In Northern India, the sphere of London Missionary Society work was centred in Bengal and the United Provinces [now Uttar Pradesh].
The Bengal mission was founded in 1816 in Calcutta by Henry Townley and James Keith, with early work being carried out amongst British soldiers and sailors. Work centred around Calcutta, with outreaches in the villages of the Sunderabunds and considerable developments in the Murshidabad district of North Bengal.
In the United Provinces the LMS had established itself at Benares [Varanasi] in 1820, and had extended to Berampur in 1824. There there were residential stations set up at Mirzapur, Kachwa [Kachhwa] and Dudhi. At the extreme northern tip of the province, the Society worked in the Kumaon province west of Nepal with mission stations at Almora and at Rani Khet [or Ranikhet], a British medical station, from 1869-98.
A mission to Gujerat (Gujarat) was set up at Surat in 1815. This was isolated from other missions, so was transferred to the Irish Presbyterian Mission in 1847. Missions at Baroda (1844-47) and Dhevan or Mahi Kantha (to 1859) were also transferred to the Irish Presbyterian Mission, bringing to an end the Society's work in Gujerat.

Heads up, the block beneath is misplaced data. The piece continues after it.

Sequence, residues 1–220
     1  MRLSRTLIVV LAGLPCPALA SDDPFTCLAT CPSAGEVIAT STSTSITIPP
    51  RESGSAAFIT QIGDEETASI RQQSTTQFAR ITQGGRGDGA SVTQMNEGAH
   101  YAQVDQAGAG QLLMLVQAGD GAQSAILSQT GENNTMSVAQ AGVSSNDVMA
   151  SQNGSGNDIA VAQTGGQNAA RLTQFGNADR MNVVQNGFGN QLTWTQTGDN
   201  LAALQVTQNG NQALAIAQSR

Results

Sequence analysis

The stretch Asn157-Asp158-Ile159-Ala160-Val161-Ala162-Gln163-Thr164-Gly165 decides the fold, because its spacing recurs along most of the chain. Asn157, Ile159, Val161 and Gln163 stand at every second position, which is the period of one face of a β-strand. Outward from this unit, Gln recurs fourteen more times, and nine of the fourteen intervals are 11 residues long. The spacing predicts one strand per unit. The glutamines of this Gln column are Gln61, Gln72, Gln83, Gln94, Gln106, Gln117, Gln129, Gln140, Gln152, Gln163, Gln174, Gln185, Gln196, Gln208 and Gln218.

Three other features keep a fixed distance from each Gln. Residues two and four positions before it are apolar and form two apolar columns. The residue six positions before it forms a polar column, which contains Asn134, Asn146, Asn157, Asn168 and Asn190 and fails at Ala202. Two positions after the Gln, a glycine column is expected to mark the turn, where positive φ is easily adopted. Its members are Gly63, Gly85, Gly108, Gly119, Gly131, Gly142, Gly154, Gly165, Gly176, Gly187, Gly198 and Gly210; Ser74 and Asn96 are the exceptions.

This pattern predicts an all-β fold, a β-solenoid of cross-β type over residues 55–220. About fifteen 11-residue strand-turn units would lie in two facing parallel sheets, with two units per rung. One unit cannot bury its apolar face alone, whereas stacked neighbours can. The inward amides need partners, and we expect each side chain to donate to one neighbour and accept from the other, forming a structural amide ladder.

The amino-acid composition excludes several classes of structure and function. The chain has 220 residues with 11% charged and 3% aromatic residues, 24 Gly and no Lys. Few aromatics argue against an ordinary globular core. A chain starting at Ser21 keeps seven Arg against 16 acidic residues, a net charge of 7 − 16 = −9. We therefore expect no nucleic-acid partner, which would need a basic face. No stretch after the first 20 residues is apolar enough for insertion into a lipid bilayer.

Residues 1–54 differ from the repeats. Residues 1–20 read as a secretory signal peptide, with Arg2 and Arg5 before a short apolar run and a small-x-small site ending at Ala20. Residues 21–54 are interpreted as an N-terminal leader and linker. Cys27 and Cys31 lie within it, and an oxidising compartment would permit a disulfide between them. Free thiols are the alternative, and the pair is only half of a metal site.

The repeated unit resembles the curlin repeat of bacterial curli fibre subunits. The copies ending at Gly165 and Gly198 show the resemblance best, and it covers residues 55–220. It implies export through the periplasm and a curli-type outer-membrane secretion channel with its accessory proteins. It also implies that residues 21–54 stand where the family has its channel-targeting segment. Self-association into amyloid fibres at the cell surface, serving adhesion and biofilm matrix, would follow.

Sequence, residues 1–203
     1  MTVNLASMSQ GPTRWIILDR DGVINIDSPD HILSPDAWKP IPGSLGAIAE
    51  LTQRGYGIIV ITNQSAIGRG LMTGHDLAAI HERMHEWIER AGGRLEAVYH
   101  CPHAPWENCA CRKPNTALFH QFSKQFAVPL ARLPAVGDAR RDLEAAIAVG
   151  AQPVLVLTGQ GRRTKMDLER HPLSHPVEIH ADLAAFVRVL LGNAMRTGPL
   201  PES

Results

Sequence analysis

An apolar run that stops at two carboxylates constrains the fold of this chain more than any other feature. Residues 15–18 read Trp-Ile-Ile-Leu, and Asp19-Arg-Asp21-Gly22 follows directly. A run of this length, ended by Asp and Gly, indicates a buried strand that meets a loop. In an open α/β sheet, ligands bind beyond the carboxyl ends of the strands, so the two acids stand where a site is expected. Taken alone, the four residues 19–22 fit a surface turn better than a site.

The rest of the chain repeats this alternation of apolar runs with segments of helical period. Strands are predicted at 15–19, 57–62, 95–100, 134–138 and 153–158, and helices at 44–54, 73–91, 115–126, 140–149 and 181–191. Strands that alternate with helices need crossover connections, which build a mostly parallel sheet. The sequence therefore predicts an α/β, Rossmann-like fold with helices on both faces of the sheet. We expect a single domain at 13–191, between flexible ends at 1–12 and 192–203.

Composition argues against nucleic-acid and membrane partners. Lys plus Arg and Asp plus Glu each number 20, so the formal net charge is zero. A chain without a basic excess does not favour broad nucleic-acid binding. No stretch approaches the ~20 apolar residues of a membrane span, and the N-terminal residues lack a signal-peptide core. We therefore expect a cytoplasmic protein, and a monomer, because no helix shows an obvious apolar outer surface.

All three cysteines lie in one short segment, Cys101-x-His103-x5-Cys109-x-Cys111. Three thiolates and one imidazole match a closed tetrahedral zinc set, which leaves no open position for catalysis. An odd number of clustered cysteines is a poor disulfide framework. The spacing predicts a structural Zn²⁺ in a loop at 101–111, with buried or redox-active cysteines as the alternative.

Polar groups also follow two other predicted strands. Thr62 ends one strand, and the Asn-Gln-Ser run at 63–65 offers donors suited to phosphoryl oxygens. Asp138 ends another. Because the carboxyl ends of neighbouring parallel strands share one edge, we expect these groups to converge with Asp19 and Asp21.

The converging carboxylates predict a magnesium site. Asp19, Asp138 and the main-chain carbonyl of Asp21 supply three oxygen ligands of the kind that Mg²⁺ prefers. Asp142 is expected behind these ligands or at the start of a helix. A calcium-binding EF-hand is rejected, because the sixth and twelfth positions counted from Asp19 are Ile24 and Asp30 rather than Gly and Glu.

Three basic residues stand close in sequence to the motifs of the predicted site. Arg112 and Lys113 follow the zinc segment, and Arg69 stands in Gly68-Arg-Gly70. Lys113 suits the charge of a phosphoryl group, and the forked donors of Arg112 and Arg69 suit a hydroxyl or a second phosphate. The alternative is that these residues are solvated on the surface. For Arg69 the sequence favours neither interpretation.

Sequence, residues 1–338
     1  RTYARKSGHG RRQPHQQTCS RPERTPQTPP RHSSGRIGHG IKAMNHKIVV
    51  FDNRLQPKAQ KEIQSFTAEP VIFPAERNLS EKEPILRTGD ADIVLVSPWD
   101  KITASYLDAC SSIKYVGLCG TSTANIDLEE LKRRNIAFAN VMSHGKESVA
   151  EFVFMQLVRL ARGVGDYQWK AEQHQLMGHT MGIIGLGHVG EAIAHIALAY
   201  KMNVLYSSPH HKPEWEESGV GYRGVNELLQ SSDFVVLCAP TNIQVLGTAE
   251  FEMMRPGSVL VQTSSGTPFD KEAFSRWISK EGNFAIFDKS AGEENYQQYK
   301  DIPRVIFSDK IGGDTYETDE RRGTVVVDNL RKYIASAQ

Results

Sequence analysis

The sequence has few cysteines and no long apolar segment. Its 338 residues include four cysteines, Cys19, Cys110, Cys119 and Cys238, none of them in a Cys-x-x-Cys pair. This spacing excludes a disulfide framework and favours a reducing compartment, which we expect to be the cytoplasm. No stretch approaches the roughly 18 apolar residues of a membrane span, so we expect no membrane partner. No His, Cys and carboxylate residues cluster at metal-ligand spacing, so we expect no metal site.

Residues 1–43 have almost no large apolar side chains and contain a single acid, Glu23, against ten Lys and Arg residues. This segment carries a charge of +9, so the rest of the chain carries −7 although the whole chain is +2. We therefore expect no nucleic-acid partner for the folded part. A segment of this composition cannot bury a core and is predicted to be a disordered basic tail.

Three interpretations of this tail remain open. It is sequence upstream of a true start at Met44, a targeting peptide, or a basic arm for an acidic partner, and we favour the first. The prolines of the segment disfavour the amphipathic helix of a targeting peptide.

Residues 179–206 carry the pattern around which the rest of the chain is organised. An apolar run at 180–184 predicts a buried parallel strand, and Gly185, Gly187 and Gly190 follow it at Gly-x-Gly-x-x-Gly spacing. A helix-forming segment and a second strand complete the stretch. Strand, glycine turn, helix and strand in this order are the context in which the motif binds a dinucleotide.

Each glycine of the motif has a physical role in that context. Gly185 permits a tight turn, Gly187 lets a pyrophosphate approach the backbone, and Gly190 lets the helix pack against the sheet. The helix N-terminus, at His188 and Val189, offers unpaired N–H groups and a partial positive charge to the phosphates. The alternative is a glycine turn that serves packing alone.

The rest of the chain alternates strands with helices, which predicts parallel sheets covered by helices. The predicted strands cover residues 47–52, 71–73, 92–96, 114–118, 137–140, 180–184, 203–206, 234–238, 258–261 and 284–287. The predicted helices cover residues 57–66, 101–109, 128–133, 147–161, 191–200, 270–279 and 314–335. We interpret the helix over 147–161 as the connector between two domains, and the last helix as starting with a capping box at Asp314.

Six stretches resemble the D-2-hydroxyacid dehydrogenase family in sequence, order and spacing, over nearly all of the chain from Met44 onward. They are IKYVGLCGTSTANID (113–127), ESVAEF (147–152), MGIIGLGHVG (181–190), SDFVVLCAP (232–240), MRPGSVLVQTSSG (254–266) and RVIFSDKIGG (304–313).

Support for missionary work in North India was gradually withdrawn in the first half of 20th century. Resources were effectively withdrawn from the missions in the United Provinces for use in South India. Mission stations were gradually transferred to other Societies; for example, in 1926 the American Methodist Episcopal Mission took over work at Almora, and work in Mirzapur was transferred to the Bible Churchman's Missionary Society in 1925. Economies were also imposed in Bengal, while the challenge from reform movements within Hinduism were particularly strong in the area. By 1945 the Society's work in North India was confined to Bengal and Calcutta; the remaining LMS churches joined the United Church of Northern India in 1944. The move towards Church union was completed in 1970 with the final establishment of the Church of North India.